• 3. Guidelines Index NCCN ® Practice Guidelines Pancreatic Table of Contents in Oncology – v.1.2009 Pancreatic Adenocarcinoma Staging, Discussion, References Table of Contents NCCN Pancreatic Adenocarcinoma Panel Members Summary of Guidelines Updates For help using these documents, please click here Clinical Presentations and Workup (PANC-1) No Metastatic Disease (PANC-2) This discussion is being updated to correspond Resectable, No Jaundice (PANC-3) Discussion with the newly updated Borderline Resectable, No Jaundice (PANC-4) References algorithm. Locally Advanced, Unresectable, No Jaundice, No Metastases (PANC-7) Clinical Trials: The NCCN Resectable, Jaundice, No Metastases (PANC-8) believes that the best management Borderline Resectable, Jaundice, No Metastases (PANC-9) for any cancer patient is in a clinical trial. Participation in clinical trials is Locally Advanced, Unresectable, Jaundice (PANC-11) especially encouraged. Unresectable, Jaundice, Adenocarcinoma Confirmed (PANC-12) To find clinical trials online at NCCN member institutions, click here: Recurrence After Resection:Treatment (PANC-13) nccn.org/clinical_trials/physician.html Principles of Diagnosis and Staging (PANC-A) NCCN Categories of Evidence and Consensus: All recommendations Criteria Defining Resectability Status (PANC-B) are Category 2A unless otherwise Principles of Radiation Therapy (PANC-C) specified. See NCCN Categories of Evidence Principles of Chemotherapy (PANC-D) and Consensus Principles of Palliation and Supportive Care (PANC-E) Guidelines Index Print the Pancreatic Adenocarcinoma Guideline These guidelines are a statement of evidence and consensus of the authors regarding their views of currently accepted approaches to treatment. Any clinician seeking to apply or consult these guidelines is expected to use independent medical judgment in the context of individual clinical circumstances to determine any patient's care or treatment. The National Comprehensive Cancer Network makes no representations nor warranties of any kind whatsoever regarding their content, use, or application and disclaims any responsibility for their application or use in any way. These guidelines are copyrighted by National Comprehensive Cancer Network. All rights reserved. These guidelines and the illustrations herein may not be reproduced in any form without the express written permission of NCCN. ©2009. Version 1.2009, 03/26/09 © 2009 National Comprehensive Cancer Network, Inc. All rights reserved. These guidelines and this illustration may not be reproduced in any form without the express written permission of NCCN.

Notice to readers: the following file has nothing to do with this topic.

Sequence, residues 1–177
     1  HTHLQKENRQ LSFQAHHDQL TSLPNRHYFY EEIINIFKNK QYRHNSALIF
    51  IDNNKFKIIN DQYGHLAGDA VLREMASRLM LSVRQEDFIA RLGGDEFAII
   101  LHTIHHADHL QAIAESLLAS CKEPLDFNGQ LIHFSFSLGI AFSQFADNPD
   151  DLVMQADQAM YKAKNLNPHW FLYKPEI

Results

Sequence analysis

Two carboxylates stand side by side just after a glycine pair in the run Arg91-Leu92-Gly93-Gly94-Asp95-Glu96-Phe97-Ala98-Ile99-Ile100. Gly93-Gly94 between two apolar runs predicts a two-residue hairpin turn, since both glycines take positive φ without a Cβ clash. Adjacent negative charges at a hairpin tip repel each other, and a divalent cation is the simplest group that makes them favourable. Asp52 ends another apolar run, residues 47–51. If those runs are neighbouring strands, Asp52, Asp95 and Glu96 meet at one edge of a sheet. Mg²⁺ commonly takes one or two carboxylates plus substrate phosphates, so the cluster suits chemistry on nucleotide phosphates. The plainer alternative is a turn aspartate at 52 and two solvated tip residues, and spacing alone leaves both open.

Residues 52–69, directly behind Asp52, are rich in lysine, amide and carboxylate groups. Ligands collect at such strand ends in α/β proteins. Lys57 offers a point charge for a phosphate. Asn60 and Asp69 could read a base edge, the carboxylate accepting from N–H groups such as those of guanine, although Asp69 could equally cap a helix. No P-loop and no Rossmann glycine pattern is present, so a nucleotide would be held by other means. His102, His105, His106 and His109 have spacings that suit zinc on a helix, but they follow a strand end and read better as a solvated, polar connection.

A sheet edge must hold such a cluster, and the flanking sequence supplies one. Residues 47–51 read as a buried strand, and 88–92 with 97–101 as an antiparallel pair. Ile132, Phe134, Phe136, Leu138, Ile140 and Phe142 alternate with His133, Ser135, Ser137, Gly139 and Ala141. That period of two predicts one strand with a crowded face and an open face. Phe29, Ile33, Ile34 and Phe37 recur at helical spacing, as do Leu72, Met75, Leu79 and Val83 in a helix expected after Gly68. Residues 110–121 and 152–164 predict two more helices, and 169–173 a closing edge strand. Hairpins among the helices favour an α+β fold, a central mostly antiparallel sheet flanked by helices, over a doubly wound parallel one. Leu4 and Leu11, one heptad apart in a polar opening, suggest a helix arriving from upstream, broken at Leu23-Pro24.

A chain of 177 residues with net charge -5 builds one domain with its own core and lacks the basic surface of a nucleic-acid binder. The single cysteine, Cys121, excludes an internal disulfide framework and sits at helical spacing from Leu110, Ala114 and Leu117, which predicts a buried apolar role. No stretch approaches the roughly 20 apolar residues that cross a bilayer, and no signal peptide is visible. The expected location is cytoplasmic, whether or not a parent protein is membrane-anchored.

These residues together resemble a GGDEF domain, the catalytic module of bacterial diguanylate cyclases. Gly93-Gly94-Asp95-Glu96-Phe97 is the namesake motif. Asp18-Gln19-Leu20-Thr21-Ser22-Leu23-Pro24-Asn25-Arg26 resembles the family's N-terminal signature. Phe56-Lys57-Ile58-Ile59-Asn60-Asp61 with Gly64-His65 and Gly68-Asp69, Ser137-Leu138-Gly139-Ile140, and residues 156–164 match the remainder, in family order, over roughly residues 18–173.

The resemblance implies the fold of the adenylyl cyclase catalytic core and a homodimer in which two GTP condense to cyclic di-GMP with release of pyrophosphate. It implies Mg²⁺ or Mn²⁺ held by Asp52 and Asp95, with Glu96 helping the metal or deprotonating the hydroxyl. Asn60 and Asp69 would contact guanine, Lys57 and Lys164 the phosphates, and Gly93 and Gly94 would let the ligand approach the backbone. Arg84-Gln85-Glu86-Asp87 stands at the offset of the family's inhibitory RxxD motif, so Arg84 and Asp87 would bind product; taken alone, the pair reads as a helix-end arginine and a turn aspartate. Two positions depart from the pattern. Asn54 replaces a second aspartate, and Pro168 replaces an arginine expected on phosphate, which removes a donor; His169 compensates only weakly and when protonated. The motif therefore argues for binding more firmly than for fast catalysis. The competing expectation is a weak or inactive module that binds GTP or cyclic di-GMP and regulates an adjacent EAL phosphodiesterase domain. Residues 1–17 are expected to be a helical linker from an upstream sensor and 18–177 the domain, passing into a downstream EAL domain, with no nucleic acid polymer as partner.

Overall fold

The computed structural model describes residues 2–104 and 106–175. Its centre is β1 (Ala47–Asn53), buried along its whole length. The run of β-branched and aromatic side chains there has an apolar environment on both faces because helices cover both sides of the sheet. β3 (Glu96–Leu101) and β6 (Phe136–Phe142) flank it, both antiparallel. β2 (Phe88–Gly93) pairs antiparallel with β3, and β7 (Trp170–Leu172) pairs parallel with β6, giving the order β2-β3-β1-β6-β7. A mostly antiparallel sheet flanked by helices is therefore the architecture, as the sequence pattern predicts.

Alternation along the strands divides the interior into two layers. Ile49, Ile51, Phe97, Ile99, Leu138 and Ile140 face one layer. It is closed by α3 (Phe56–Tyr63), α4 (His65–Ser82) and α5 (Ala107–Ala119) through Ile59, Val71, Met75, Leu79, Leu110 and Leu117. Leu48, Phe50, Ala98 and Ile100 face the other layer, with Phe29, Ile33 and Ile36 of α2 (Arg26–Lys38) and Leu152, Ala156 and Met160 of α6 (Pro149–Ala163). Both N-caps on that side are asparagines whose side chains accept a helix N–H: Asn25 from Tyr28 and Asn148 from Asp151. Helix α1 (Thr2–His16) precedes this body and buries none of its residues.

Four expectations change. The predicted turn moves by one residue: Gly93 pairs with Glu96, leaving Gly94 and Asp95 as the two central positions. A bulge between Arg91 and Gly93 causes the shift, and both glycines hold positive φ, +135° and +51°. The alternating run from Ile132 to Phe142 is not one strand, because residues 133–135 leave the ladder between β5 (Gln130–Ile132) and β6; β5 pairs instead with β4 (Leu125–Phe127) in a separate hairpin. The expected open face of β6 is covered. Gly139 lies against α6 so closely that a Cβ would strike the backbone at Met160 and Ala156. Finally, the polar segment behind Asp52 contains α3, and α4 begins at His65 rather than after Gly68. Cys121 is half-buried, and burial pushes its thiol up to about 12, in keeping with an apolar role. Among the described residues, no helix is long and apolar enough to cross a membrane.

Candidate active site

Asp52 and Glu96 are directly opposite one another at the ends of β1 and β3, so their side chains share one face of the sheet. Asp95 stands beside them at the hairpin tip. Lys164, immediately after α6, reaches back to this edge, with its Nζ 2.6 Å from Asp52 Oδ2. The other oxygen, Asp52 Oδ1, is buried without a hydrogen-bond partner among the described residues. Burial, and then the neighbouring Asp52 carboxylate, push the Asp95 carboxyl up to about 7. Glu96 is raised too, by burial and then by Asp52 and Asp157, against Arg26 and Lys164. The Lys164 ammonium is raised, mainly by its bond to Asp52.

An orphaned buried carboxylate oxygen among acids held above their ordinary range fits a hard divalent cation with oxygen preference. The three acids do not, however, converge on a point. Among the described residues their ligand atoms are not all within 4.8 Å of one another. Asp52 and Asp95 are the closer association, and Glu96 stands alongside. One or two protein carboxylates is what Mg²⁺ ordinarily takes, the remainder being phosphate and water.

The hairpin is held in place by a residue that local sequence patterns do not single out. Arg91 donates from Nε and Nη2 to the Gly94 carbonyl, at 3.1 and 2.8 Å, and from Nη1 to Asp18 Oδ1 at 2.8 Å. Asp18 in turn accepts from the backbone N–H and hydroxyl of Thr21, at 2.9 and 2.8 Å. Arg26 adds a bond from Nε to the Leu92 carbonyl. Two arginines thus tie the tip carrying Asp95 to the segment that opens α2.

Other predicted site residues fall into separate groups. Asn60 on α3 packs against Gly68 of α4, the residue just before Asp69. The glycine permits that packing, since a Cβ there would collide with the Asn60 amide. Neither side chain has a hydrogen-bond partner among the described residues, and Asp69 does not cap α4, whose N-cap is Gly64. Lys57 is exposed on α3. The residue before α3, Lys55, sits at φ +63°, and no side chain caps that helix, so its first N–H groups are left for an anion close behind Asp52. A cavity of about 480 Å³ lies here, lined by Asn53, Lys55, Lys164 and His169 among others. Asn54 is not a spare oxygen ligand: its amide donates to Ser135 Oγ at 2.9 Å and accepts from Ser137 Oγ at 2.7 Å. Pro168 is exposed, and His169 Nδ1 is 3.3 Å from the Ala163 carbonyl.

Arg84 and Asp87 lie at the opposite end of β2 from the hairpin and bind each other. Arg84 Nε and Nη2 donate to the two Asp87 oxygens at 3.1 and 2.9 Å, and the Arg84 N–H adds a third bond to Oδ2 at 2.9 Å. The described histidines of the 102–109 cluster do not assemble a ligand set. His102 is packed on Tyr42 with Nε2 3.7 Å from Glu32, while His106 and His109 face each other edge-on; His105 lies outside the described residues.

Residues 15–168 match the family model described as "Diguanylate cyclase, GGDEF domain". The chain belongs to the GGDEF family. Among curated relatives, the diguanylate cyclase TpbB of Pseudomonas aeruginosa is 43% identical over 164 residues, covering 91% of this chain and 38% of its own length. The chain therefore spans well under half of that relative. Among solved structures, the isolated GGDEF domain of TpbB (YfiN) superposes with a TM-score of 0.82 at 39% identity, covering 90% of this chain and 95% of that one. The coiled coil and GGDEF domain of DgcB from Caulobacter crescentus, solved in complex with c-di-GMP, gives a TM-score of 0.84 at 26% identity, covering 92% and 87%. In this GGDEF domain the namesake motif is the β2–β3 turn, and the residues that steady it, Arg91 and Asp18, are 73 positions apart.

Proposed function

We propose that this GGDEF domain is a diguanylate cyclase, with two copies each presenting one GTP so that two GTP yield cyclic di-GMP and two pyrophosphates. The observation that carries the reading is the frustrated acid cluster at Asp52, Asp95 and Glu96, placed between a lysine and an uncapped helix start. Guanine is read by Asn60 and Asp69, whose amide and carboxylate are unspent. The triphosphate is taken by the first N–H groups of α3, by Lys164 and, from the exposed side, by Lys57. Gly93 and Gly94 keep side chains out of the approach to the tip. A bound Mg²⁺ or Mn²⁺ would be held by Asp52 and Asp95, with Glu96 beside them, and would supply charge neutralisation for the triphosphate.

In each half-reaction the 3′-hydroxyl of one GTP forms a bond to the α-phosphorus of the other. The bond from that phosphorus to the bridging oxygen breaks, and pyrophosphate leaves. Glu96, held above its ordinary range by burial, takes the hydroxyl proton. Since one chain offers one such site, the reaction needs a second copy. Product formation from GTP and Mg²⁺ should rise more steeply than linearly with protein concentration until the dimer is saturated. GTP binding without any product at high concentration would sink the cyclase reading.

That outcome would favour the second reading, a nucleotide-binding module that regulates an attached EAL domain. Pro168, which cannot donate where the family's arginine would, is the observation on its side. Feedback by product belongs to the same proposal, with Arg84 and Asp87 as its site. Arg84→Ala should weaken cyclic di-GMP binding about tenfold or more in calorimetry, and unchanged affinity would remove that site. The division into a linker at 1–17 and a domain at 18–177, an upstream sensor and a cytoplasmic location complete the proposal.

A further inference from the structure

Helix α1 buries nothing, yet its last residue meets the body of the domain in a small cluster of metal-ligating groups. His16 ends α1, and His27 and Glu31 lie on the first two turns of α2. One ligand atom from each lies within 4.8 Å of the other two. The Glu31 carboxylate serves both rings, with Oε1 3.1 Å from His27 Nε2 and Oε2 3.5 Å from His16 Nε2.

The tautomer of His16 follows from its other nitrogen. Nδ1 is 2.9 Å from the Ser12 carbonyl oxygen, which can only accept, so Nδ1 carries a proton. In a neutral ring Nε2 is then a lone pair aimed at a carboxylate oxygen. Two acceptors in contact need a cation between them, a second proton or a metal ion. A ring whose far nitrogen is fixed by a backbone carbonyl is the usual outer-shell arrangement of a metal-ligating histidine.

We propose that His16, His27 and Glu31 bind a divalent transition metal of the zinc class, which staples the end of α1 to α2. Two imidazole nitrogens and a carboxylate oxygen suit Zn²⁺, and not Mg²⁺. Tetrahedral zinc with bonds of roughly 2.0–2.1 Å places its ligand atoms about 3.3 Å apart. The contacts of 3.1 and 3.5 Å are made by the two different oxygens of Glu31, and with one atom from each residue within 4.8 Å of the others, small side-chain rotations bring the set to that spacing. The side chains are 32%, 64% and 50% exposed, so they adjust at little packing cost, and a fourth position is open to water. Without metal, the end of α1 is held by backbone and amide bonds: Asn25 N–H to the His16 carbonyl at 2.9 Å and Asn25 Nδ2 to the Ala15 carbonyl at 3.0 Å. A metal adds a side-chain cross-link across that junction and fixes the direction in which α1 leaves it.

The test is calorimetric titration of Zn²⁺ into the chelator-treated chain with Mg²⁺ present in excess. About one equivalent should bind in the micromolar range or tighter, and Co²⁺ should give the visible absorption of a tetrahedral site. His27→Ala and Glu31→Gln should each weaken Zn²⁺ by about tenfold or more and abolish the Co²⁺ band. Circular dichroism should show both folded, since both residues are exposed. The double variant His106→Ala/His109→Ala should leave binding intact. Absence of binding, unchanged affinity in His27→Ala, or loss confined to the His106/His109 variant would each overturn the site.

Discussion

• 4. Guidelines Index NCCN ® Practice Guidelines Pancreatic Table of Contents in Oncology – v.1.2009 Pancreatic Adenocarcinoma Staging, Discussion, References Summary of changes in the 1.2009 version of the Pancreatic Adenocarcinoma guidelines from the 1.2008 version include: PANC-1 PANC-10 · Added “pancreatic and/or bile” under clinical presentation. It now reads, · Unresectable treatment: unresectable was replaced with stenting “Clinical suspicion of pancreatic cancer or evidence of dilated pancreatic · Laparotomy changed to read “Repeat abdominal and chest imaging, and/or bile duct (stricture). laparoscopy (category 2B).” · “Dynamic phase spiral CT” was changed to “Pancreatic protocol CT.” PANC-12 PANC-2 · “Chemoradiation ± additional chemotherapy (gemcitabine based) ” was · Under Clinical Presentation, “on physical exam or by imaging” was added revised to read, “Systemic chemotherapy (gemcitabine-based) ± to “No metastatic disease.” chemoradiation.” · Footnote “b” was added to preoperative CA 19-9. · ± oxaliplatin was added after fluorinated pyrimidine-based therapy. · “and antibiotic coverage” was added to temporary stent. · Second-line therapy changed from a category 2B recommendation to a · Footnote “a” was modified to say, “CA 19-9 may be negative in cases of category 2A recommendation. benign biliary obstruction or undetectable in Lewis-a negative individuals.” PANC-13 PANC-3 · Changed page to Recurrence after resection. · New node added to resectable, no jaundice algorithm stating, “Consider · Footnote “u” is new to the page. “Systemic chemotherapy preferred in the staging laparoscopy in high risk patients or as clinically indicated”. absence of uncontrolled pain.” PANC-5 PANC-A · In the borderline resectable, no jaundice algorithm, a new node was added · New principle #2 “Imaging should include pancreatic CT scan. CT should between neoadjuvant therapy and laparotomy stating, “Repeat abdominal be performed according to a defined pancreas protocol such as triphasic and chest imaging, laparoscopy (category 2B).” cross sectional imaging and thin slices.” · Footnote “h” was modified to read “A negative biopsy should be repeated · New principle #3 “PET scan may be considered useful if CT result are by EUS at least once more.” equivocal.” PANC-6 PANC-B · Under adjuvant treatment, chemoradiation (5-FU-based) ± systemic · Updated criteria defining resectability status. gemcitabine was revised to read, “Systemic gemcitabine followed by PANC-C chemoradiation (5-FU-based).” · Added the following statement to the top of the page “Incresingly, IMRT is · Footnote “i” was added to chemoradiation (5-FU-based). being applied for therapy of pancreatic adenocarcinoma. There is no clear consensus on appropriate maximum dose of radiation in either the adjuvant PANC-7 setting or in the setting of locally advanced disease.” · “Chemoradiation ± additional chemotherapy (gemcitabine based) ” was PANC-D revised to read, “Systemic chemotherapy (gemcitabine-based) ± · New added 2 principles of chemotherapy: “The CONKO 001 trial chemoradiation.” demonstrated significant improvements in disease-free survival and overall · ± oxaliplatin was added after fluorinated pyrimidine-based therapy. survival with use of post-operative gemcitabine as adjuvant chemotherapy · Second-line therapy changed from a category 2B recommendation to a versus observation in resectable pancreatic adenocarcinoma.” category 2A recommendation. · “No significant differences were observed in the RTOG 97-04 study · Footnote “l” was revised, “Chemoradiation should be reserved for patients comparing pre- and post- chemoradiation 5-FU with pre- and post- who do not develop metastatic disease while receiving systemic chemoradiation gemcitabine for post-operative adjuvant treatment. chemotherapy” was added. However, overall survival was significantly increased in the gemcitabine PANC-8 arm compared with the 5-FU arm in the subset of patients with tumors of · New node added to resectable, no jaundice algorithm stating, “Consider the pancreatic head.” staging laparoscopy in high risk patients or as clinically indicated”. Note: All recommendations are category 2A unless otherwise indicated. Clinical Trials: NCCN believes that the best management of any cancer patient is in a clinical trial. Participation in clinical trials is especially encouraged. Version 1.2009, 03/26/09 © 2009 National Comprehensive Cancer Network, Inc. All rights reserved. These guidelines and this illustration may not be reproduced in any form without the express written permission of NCCN. UPDATES